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Resurrection Again…

Resurrection Again…

Resurrection again. (Acts 9:32-43)

Yes, you read that right. If you’re anything like me, resurrection is something that’s associated with Easter or even with a guy named Lazarus who shows up in the book of John. Oh…and there’s also that time that Jesus brought a little girl back to life (Mark 5:21-24, 35-43).

But when you get to Acts 9, suddenly Peter does it too. To be sure, Peter is empowered by the Holy Spirit, but still this is Peter—not Jesus, not a deity, not God—the “Yes, I denied Jesus 3x” Peter! If you were reading the New Testament in large swaths, you’d think that even though the church is undergoing so much persecution, death is on the run.

So what’s going on?

After all the action (read: mass conversions and persecution) that’s been underway in Jerusalem, the church is beginning to scatter throughout the regions of Judea and Samaria (Acts 8:1). Little gatherings of these people with the “words of Life” (Acts 5:20) are popping up all over the place. And Peter takes it upon Himself to go and visit these burgeoning little faith communities.

One of the first places Peter visits is the town of Lydda. Upon arrival, Peter is introduced to a man named Aeneas who had been paralyzed for over eight years. Peter proclaims over this guy, “Aeneas, Jesus Christ heals you; rise and make your bed” (Acts 9:34). And “immediately” Aeneas is healed. Linguists will highlight how the wording literally means, “right at this moment Jesus Christ heals you.”

It’s another astounding work of God on the spot. And just like the man born lame in Solomon’s Portico earlier (Acts 3:6), this was a catalyst to more people trusting in the power of the resurrected Jesus!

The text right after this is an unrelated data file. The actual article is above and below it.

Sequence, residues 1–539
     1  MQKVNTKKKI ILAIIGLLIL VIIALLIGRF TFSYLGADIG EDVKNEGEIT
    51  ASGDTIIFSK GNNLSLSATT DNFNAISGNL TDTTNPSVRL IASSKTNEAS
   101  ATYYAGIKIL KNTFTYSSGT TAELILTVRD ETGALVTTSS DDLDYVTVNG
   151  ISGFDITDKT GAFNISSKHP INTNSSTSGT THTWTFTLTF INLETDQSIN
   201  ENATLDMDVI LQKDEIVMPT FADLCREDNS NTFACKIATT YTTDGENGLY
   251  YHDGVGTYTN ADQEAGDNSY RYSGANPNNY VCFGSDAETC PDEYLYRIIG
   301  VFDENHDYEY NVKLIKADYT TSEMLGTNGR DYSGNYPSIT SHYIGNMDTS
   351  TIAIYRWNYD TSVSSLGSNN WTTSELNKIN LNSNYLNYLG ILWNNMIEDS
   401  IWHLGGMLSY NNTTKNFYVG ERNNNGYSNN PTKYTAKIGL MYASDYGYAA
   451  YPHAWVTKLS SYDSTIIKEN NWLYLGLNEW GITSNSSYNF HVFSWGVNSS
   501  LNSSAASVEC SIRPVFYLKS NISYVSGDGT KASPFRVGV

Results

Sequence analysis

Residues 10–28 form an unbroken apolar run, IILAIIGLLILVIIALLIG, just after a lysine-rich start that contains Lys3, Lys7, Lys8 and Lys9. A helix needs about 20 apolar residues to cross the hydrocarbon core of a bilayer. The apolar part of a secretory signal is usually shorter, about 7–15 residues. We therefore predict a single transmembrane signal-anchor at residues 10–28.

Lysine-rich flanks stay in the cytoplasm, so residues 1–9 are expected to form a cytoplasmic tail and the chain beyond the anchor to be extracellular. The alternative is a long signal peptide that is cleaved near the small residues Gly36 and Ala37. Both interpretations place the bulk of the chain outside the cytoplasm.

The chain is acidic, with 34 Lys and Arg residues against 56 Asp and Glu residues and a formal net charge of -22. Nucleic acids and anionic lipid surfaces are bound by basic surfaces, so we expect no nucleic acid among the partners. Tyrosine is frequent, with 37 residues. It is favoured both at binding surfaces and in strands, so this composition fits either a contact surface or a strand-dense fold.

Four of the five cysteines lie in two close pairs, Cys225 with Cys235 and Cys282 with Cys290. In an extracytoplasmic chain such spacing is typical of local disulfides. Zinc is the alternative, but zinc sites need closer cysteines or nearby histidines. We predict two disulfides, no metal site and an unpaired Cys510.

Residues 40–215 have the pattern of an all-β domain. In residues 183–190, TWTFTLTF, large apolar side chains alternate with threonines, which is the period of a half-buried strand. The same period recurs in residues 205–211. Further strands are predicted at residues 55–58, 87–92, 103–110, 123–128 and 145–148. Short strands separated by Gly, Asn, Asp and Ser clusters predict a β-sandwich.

Well, word gets out, and Peter is summoned by followers of Jesus to another nearby town by the name of Joppa. A woman named Tabitha (in Hebrew) or Dorcas (in Greek), who was a pillar of the faith, has died. She was a woman who went out of her way to devote her life to works of charity for the vulnerable, especially widows. The ones the rest of the world ignored, she served. The ones who were shut up by the powerful cry out powerfully for her, and Peter is invited into this scene of grief.

What’s astounding isn’t just what happens next but how much this feels like déjà vu. If you were to read the situation of Jesus raising Jairus’ daughter in Mark 5:21-24, 35-43, the parallels would be striking. In Mark, Jesus asked everyone to leave the room. So does Peter here in Acts 9. Jesus’ command in Mark 5 is Talitha kumi  [“Little girl, get up”], and Peter’s command here in Acts 9 is “Tabitha, get up,” which in its Aramaic form is Tabitha kumi. In both instances, they return to the grieving party, and everyone is surprised.

The similarity is striking. Peter empowered by the Holy Spirit is doing what Jesus did in Jesus’ name. Don’t miss this! God in Christ is working through the apostles and His church to such an extent that even the dead are raised. And people in Joppa and the surrounding country begin to embrace Jesus in droves like they did on that hillside in Galilee. It was an amazing day where even death seemed to lose ground.

Resurrection power today?

But when you sit at your computer, scan through your phone, check your Facebook feed, and go about your day-to-day, it’s so easy to feel distant from God and from His power—this kind of power we read about here—at work in the world.

But just because Jesus is seated at the right hand of God the Father doesn’t mean He’s disconnected from His world. This passage reminds us of this truth: Jesus is in heaven still working through His people to make His name and reign known this world over, and Jesus is just as zealous to redeem the lost and broken in the 21st century as He was in the 1st century.

To be clear, this should not make us presumptuous that God will work this way every time. More often than not, God doesn’t. He works much more often through the beauty of the weak, the fragile, and even the death of His people to put to shame the powers of this world. But as we face pain and suffering and stare down the dark and lonely road of death, may we remember that God is more powerful than it all, and He will never leave His people abandoned to death.

God is the author and giver of Life. He is the Life. And He has entrusted us with life in Christ (John 14:6) to share with all. Life and life abundant. Peter spoke it. Dorcas felt it. May we embrace it, share it, and have greater confidence today in our King of Life, our resurrected King Jesus who will come again to gather the living and the dead who are His!

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